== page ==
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Do wildfires boost water flow?

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Scientists have observed that the incidences of severe wildfires as well as their duration have increased. They have also predicted that these wildfires will increase even more in the future. There are many reasons, which contribute to the size, intensity and duration of wildfires. However, climate change and ocean temperatures are some of the chief causes of increase in wildfires. Wildfires have a great impact on water flow systems. According to a new study, it has been discovered that huge wildfires cause an increase in the river flow, which can last for decades. In short – wildfires boost water flow

OSU study indicates wildfires boost water flow

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Oregon State University or OSU researchers have found an increase in the river flow due to wildfires. What ’s more, the water flow increase will last for many years, perhaps even decades. The positive impact of wildfires on water flow may make wildfires a mixed blessing for those living in wildfire prone areas. The study will provide valuable data, which could be used by water resource management scientists.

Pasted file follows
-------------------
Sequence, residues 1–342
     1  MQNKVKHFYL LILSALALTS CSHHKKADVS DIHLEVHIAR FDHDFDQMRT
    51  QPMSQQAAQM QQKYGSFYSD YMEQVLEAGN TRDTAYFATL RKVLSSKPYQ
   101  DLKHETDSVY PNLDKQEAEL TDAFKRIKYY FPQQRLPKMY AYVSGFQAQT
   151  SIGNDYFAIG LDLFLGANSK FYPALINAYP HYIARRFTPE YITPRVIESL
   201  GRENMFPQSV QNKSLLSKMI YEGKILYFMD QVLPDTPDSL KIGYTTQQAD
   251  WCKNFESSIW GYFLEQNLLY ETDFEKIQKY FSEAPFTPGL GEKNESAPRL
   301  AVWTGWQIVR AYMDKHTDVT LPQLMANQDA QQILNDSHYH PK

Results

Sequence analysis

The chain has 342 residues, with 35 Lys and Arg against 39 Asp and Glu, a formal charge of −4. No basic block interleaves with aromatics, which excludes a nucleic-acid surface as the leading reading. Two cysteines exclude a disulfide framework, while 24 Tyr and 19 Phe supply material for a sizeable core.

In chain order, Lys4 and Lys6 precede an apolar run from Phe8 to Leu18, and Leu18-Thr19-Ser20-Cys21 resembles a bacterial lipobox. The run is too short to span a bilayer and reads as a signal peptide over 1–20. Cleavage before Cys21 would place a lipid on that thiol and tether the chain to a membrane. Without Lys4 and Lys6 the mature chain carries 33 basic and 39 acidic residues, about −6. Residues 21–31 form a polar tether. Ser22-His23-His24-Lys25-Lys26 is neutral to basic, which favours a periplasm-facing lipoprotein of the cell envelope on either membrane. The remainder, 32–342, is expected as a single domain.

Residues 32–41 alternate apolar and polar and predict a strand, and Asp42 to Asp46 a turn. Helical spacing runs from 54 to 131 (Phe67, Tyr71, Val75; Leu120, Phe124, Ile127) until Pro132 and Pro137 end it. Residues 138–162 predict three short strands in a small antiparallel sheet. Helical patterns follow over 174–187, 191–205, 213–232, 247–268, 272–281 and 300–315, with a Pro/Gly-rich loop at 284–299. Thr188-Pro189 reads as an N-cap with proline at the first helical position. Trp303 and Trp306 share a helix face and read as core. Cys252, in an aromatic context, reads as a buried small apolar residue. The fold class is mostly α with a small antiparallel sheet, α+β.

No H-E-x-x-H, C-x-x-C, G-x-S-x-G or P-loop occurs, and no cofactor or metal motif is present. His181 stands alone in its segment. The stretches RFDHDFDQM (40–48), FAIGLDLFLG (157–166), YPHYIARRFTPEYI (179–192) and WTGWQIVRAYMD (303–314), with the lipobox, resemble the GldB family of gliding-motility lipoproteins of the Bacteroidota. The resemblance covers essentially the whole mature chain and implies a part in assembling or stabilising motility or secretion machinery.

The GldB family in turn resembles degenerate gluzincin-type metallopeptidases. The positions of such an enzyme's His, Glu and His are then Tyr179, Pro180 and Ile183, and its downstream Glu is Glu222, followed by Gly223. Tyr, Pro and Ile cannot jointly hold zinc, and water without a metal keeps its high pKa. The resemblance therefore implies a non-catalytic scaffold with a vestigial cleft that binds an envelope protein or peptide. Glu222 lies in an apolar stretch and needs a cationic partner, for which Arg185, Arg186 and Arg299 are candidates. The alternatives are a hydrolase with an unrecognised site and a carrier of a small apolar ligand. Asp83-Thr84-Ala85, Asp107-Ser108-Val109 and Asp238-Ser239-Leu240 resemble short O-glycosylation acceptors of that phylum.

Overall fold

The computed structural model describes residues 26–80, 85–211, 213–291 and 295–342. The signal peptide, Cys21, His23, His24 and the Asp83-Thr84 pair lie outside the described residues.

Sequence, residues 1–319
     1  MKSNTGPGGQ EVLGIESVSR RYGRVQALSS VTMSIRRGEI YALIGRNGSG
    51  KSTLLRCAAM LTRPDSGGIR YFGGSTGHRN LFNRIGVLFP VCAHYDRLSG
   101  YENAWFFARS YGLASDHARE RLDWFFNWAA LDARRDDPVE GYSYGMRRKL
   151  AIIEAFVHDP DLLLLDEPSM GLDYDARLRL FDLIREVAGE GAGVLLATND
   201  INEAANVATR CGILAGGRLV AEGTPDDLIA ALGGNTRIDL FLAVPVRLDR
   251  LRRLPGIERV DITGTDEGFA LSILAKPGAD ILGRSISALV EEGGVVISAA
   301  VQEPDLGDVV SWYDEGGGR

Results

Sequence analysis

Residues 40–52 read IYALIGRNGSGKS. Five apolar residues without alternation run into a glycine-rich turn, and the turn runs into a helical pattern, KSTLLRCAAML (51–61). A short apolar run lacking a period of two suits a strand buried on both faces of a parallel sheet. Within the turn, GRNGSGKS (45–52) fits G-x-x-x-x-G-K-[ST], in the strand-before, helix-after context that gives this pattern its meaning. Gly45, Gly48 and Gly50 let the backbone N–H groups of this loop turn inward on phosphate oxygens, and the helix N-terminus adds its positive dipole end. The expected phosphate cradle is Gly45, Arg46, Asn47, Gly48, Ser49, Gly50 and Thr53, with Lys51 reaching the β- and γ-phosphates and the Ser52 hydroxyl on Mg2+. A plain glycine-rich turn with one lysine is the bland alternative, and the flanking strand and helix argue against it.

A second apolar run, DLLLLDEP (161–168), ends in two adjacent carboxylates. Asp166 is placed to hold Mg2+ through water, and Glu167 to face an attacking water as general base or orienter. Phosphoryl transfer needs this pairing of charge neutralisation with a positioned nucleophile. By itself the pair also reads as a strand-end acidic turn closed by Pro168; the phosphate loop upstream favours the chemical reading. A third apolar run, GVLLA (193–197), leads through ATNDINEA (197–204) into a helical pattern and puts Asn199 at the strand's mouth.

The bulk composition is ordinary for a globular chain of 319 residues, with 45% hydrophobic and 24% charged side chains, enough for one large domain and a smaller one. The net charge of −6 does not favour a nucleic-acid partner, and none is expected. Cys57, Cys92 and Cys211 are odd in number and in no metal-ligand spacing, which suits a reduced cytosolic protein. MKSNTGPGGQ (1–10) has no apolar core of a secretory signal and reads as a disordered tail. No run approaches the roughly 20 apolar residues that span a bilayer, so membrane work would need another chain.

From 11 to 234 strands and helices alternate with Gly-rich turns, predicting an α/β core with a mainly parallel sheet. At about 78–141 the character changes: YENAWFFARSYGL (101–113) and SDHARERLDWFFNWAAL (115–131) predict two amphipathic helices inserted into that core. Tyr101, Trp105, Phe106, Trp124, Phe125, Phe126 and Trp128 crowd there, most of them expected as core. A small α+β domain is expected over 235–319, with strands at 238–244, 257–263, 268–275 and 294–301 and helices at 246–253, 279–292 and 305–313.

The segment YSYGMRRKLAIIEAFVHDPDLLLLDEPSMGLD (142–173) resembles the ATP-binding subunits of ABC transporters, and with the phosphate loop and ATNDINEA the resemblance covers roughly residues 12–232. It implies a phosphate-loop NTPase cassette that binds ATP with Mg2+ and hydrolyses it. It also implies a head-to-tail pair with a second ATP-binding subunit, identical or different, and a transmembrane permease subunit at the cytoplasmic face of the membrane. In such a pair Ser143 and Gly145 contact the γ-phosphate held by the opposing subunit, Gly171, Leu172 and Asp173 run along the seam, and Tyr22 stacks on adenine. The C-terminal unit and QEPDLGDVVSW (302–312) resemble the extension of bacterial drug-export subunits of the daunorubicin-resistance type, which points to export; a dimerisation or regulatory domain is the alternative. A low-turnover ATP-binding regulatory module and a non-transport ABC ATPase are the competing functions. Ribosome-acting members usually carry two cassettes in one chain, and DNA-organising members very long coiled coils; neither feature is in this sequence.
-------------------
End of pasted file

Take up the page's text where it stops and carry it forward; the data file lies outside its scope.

Results of the study

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The scientists analyzed a large amount of data spread over 30 years – data regarding climate, wildfires as well as river flow in and around 168 river basins, situated in many different parts of the United States. Their study threw up a surprising result – wildfires boost water flow!